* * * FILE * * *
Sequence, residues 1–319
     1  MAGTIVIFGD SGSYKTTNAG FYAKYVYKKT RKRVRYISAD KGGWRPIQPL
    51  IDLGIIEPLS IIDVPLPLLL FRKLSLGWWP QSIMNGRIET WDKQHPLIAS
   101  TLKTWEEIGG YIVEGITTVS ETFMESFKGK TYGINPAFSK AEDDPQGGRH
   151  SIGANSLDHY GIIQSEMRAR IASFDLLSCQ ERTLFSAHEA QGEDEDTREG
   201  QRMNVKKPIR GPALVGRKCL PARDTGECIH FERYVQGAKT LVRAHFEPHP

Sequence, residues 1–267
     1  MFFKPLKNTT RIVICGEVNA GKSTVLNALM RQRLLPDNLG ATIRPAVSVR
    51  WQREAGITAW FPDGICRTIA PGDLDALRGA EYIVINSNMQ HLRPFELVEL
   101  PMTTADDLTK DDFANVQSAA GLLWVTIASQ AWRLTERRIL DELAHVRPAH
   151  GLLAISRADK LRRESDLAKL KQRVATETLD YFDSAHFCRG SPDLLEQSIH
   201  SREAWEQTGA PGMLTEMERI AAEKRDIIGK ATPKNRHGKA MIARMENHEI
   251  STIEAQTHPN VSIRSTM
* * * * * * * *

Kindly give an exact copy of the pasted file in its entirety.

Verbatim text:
Sequence, residues 1–319
     1  MAGTIVIFGD SGSYKTTNAG FYAKYVYKKT RKRVRYISAD KGGWRPIQPL
    51  IDLGIIEPLS IIDVPLPLLL FRKLSLGWWP QSIMNGRIET WDKQHPLIAS
   101  TLKTWEEIGG YIVEGITTVS ETFMESFKGK TYGINPAFSK AEDDPQGGRH
   151  SIGANSLDHY GIIQSEMRAR IASFDLLSCQ ERTLFSAHEA QGEDEDTREG
   201  QRMNVKKPIR GPALVGRKCL PARDTGECIH FERYVQGAKT LVRAHFEPHP

Sequence, residues 1–267
     1  MFFKPLKNTT RIVICGEVNA GKSTVLNALM RQRLLPDNLG ATIRPAVSVR
    51  WQREAGITAW FPDGICRTIA PGDLDALRGA EYIVINSNMQ HLRPFELVEL
   101  PMTTADDLTK DDFANVQSAA GLLWVTIASQ AWRLTERRIL DELAHVRPAH
   151  GLLAISRADK LRRESDLAKL KQRVATETLD YFDSAHFCRG SPDLLEQSIH
   201  SREAWEQTGA PGMLTEMERI AAEKRDIIGK ATPKNRHGKA MIARMENHEI
   251  STIEAQTHPN VSIRSTM